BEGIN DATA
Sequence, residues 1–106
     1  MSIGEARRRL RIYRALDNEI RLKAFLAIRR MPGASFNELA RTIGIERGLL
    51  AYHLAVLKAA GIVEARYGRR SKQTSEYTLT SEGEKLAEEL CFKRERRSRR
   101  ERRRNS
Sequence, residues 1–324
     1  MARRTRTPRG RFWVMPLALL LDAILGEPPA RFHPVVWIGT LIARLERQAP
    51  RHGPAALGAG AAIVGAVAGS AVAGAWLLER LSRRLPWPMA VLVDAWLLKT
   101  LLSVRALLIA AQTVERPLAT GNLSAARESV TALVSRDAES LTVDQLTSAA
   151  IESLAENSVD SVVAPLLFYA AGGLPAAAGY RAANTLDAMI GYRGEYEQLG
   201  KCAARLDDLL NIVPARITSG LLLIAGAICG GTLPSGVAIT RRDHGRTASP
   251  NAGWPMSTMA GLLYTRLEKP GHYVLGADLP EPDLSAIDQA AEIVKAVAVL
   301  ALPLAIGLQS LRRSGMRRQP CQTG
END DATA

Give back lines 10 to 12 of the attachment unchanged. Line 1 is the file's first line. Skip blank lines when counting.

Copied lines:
   201  KCAARLDDLL NIVPARITSG LLLIAGAICG GTLPSGVAIT RRDHGRTASP
   251  NAGWPMSTMA GLLYTRLEKP GHYVLGADLP EPDLSAIDQA AEIVKAVAVL
   301  ALPLAIGLQS LRRSGMRRQP CQTG